Study Finds Link Between Dropping Permit Requirement for Carrying Concealed Weapons and Increase in Officer-Involved Shootings with Civilian Victims
Statistical analysis estimates that 10 states had more victims after permit requirements were dropped than they would have if the law had not changed
A new study from researchers at the Johns Hopkins Bloomberg School of Public Health found that the estimated average rate of officer-involved shootings increased by 12.9 percent in 10 U.S. states that relaxed restrictions between 2014 and 2020 on civilians carrying concealed firearms in public.
The study, published online May 10 in the Journal of Urban Health, examined the impact of changes to state laws for civilians carrying concealed firearms and, using statistical modeling, estimated what would have happened if the laws had not changed. Some states allow civilians to carry a concealed firearm with no permit, while other states require a permit to carry a concealed one.
For their analysis, the researchers identified 11 states that adopted measures allowing individuals to carry concealed firearms without a permit from 2014 to 2020. The researchers removed one state from their analysis—Oklahoma—because of poor model fit.
The researchers assessed the impact of lifting the permitting requirement on officer-involved shootings by comparing a state that had changed its law to a pool of 26 comparison states that still had permitting requirements to carry concealed weapons in place. For each state that had dropped the requirement, the researchers generated a comparative “synthetic” state based on data from before the new law went into effect to estimate the impact of adopting a permitless carry law on officer-involved shootings. The researchers measured the effect of law adoption in each of the 10 states and then pooled the results to examine what happened overall.
The study estimates that four of the 10 states—Idaho, Mississippi, Missouri, and West Virginia—had significantly higher average rates of officer-involved shootings after dropping permit-to-carry requirements. Missouri had the highest number of additional victims (12.7 per six months) above what would have been expected had the law not changed. West Virginia saw an additional 2.8 victims per six months, followed by Idaho (3.5 additional victims) and Mississippi (2.6 additional victims). The estimated rate of officer-involved shootings did not significantly change in the remaining six states—Kansas, Kentucky, Maine, New Hampshire, North Dakota, and South Dakota.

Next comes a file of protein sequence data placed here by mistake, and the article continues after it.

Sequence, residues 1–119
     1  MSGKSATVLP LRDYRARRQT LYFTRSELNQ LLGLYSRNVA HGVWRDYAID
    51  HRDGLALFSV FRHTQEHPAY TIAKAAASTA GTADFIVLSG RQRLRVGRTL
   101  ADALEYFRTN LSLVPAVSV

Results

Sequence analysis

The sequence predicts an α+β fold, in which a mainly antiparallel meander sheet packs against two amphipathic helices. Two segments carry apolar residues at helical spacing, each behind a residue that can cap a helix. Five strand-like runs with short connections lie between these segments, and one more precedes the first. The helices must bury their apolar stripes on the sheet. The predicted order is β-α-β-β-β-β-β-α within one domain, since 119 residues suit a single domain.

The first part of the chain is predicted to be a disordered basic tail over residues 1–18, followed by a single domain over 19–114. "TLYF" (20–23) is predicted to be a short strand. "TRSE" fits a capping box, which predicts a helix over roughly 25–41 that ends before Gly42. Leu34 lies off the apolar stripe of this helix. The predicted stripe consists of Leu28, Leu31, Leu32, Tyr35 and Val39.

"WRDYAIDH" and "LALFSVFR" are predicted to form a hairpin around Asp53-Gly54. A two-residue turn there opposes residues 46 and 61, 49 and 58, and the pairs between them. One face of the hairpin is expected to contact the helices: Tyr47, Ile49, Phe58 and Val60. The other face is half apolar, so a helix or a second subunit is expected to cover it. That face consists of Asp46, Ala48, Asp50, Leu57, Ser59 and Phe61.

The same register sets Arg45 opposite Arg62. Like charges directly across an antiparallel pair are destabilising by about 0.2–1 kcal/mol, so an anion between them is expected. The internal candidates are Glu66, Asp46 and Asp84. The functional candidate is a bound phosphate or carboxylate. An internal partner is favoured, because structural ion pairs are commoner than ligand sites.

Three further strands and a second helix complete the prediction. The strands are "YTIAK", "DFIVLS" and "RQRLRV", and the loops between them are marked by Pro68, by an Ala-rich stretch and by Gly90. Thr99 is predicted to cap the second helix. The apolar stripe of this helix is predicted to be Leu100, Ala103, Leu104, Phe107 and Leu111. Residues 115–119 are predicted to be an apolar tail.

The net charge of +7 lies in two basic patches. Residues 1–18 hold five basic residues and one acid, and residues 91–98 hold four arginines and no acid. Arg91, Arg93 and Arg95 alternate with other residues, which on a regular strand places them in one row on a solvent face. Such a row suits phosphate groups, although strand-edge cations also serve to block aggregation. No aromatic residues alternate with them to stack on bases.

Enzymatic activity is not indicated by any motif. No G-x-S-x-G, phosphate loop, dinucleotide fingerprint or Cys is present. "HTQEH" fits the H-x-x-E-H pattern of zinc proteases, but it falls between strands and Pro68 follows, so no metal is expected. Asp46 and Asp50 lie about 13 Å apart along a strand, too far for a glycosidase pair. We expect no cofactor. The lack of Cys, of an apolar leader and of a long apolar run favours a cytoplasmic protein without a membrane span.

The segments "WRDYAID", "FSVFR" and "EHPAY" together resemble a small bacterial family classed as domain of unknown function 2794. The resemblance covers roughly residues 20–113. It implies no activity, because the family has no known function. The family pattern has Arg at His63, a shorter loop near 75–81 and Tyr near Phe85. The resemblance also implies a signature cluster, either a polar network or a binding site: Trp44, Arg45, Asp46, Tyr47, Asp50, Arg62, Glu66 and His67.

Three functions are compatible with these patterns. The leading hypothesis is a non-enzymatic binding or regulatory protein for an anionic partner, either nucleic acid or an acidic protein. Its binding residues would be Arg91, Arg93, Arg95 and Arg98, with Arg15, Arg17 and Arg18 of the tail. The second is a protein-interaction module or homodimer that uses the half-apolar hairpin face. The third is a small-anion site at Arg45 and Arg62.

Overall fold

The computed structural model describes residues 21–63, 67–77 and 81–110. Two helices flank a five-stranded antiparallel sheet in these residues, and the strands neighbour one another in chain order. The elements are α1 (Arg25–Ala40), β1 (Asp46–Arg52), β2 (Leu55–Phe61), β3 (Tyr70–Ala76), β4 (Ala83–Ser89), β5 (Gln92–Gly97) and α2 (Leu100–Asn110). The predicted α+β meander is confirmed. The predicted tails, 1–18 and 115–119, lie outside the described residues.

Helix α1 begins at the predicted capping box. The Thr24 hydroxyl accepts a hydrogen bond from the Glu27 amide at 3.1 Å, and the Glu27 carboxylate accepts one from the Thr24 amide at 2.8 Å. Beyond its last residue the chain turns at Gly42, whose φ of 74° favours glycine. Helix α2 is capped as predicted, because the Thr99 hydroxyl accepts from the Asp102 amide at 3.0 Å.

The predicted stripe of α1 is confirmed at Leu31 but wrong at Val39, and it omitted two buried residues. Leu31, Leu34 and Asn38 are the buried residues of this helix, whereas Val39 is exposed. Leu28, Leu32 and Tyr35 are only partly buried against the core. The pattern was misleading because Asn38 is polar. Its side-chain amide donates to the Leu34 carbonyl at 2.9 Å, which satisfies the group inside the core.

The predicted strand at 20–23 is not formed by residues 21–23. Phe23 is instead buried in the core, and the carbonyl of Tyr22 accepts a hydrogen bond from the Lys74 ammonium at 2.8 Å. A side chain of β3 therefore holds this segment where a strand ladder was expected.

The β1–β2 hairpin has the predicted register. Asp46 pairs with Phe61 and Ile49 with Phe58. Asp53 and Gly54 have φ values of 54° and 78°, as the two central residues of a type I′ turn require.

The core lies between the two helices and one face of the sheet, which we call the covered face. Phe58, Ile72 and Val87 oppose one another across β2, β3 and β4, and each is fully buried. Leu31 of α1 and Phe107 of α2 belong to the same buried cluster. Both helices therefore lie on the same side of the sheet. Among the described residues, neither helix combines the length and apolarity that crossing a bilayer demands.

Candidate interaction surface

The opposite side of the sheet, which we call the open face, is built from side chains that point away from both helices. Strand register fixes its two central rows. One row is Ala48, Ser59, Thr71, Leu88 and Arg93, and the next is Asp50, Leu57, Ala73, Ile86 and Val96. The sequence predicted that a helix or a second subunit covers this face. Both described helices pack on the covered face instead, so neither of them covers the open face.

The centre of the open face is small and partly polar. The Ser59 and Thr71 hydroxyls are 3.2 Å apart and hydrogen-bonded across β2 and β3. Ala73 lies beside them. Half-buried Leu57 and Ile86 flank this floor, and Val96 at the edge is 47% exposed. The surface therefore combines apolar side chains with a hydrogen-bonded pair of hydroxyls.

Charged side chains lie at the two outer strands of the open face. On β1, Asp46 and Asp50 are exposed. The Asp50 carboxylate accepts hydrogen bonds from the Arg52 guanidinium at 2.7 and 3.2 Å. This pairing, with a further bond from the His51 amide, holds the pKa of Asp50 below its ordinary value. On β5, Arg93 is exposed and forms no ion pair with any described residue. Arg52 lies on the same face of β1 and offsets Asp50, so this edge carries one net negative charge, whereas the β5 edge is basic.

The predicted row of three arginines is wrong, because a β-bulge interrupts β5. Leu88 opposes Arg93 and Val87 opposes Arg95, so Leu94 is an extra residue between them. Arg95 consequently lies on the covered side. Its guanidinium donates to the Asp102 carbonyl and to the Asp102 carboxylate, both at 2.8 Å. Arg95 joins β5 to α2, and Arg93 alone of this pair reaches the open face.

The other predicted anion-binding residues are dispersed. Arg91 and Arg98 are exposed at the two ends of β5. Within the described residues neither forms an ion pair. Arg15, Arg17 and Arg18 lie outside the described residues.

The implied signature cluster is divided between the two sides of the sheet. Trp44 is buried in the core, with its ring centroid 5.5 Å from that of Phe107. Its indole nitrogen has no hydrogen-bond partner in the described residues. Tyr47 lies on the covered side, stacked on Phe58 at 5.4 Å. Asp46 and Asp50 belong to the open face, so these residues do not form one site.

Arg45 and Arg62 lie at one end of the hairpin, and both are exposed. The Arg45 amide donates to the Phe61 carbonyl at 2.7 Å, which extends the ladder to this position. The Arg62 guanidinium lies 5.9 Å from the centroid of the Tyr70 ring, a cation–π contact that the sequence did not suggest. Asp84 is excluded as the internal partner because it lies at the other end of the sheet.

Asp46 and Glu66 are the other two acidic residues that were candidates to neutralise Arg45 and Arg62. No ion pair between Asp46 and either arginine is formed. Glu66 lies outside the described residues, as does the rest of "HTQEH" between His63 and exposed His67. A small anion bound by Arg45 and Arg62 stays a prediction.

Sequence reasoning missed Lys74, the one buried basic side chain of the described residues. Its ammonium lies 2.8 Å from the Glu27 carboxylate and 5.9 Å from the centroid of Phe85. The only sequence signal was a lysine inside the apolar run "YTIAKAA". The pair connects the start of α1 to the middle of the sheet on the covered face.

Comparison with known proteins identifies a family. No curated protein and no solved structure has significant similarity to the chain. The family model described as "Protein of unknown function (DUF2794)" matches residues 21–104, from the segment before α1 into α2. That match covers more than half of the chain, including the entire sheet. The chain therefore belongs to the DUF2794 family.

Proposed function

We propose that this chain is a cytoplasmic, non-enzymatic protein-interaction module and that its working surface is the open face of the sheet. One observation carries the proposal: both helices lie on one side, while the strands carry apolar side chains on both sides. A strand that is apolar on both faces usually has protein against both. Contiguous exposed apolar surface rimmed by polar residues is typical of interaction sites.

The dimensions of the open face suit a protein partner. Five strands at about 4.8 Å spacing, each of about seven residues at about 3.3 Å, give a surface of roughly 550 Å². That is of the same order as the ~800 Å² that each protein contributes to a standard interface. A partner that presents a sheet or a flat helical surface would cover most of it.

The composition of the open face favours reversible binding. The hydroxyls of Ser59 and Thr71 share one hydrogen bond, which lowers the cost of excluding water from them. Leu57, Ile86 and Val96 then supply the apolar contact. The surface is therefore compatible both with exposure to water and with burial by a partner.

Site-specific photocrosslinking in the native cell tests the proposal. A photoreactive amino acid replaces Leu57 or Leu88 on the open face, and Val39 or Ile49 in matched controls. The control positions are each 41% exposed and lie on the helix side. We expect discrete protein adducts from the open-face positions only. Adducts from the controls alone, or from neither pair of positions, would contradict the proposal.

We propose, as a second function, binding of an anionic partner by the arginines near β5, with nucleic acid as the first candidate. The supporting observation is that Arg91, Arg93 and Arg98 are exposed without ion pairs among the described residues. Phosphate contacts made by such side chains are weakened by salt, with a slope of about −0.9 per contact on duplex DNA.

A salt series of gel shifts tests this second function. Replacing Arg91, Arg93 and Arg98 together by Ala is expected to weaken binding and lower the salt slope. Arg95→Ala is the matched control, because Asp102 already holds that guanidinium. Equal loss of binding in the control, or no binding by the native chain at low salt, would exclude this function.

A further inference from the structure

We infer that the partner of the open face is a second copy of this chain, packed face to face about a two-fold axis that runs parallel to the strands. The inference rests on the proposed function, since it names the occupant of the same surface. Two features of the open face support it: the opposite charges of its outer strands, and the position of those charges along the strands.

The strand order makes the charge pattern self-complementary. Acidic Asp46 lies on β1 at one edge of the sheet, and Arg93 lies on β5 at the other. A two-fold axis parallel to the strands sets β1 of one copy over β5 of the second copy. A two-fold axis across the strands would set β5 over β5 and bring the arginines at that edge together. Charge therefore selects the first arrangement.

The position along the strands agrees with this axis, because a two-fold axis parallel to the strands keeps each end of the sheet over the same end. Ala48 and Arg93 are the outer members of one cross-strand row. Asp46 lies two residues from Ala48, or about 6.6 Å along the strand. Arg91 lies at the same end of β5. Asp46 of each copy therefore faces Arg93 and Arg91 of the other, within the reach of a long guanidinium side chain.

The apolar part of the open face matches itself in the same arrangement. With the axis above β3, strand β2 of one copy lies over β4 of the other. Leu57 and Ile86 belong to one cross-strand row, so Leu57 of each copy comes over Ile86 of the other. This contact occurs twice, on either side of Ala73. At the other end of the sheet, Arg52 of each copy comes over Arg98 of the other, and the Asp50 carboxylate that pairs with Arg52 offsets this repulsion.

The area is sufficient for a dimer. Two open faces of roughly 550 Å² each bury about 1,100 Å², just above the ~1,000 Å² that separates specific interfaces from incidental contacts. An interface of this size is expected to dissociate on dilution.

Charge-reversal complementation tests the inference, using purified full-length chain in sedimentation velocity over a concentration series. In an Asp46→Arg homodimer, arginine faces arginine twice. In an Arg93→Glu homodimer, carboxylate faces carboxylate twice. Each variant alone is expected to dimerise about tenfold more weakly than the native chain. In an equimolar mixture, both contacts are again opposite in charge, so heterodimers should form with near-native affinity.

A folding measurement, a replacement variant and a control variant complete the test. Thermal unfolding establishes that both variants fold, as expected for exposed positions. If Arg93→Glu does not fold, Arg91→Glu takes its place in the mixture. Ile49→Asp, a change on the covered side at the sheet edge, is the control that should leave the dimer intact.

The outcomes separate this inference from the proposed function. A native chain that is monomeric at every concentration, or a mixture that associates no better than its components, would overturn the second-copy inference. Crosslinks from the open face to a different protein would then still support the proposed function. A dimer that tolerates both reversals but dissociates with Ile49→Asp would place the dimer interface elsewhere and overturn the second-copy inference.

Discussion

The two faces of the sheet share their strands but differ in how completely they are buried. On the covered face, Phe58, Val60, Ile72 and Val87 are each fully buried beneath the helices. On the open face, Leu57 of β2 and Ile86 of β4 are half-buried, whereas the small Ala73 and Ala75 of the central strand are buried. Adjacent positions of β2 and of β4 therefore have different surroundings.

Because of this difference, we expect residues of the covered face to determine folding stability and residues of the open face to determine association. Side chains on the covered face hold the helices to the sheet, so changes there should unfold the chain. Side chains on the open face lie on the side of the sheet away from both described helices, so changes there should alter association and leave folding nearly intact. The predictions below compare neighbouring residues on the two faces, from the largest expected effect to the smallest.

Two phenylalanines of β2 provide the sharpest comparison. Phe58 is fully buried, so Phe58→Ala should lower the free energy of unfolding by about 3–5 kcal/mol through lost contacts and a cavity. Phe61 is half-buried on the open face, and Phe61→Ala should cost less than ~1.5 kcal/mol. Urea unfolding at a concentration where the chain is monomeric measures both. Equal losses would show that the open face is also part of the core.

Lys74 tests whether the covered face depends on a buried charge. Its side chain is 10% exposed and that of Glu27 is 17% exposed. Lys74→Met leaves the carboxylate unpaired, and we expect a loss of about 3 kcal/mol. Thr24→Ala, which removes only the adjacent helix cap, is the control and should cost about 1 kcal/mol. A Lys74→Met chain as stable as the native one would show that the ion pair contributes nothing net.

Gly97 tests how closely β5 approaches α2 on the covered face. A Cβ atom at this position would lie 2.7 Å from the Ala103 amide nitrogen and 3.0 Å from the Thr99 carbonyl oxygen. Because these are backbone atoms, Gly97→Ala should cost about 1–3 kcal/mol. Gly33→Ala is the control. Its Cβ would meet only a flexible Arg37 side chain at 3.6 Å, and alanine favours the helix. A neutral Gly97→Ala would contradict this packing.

About 1,000 civilians are killed each year by a law enforcement officer in the United States, more than 90 percent by firearms, according to an analysis by Everytown for Gun Safety. Most civilians shot in police-involved shootings are armed with firearms, according to previous studies. Prior research also found higher rates of officer-involved shootings are positively associated with state-level firearm ownership.
“The trend of more states allowing civilians to carry concealed guns without a permit may be influencing the perceived threat of danger faced by law enforcement,” says Mitchell Doucette, PhD, MS, assistant scientist in the Bloomberg School’s Department of Health Policy and Management, core faculty member in the Center for Gun Violence Solutions, and the study’s lead author. “This could contribute to higher rates of fatal and nonfatal officer-involved shootings.”
Currently, 25 states do not require civilians to have a permit to carry a concealed firearm. Another 17 states require local law enforcement to issue civilians a permit to carry a firearm if they meet criteria based on criminal history or training requirements. The remaining eight states leave civilian concealed-carry permitting to the discretion of local authorities.
For their study, the researchers used data from the Gun Violence Archive, an open-access database that collects daily information from over 7,500 sources on gun violence in the U.S., including media, law enforcement, and government agencies.
The authors note that the analysis has limitations. The true burden of officer-involved shootings in the U.S. might be undercounted, as there is no systematic data collection for this category of shootings. The source used for the paper, the Gun Violence Archive, provides data on fatal and non-fatal officer-involved shootings from a range of sources, including media reports. As such, the data may not capture all.
“States that require individuals who want to carry a loaded, concealed firearm in public to get a license can determine what kinds of training standards or additional criminal history criteria should be considered,” says co-author Cassandra Crifasi, PhD, MPH, associate professor and deputy director of the Center for Gun Violence Solutions at the Bloomberg School. “Allowing individuals to carry firearms without a permit removes those standards and creates an opportunity for untrained or risky individuals to carry guns in public.”
“Officer-involved shootings and concealed carry weapons permitting laws: Analysis of Gun Violence Archive Data, 2014–2020” was written by Mitchell Doucette, Julie Ward, Alex McCourt, Daniel Webster, and Cassandra Crifasi.
The study was supported by the New Venture Fund’s Fund for a Safer Future and the Joyce Foundation.
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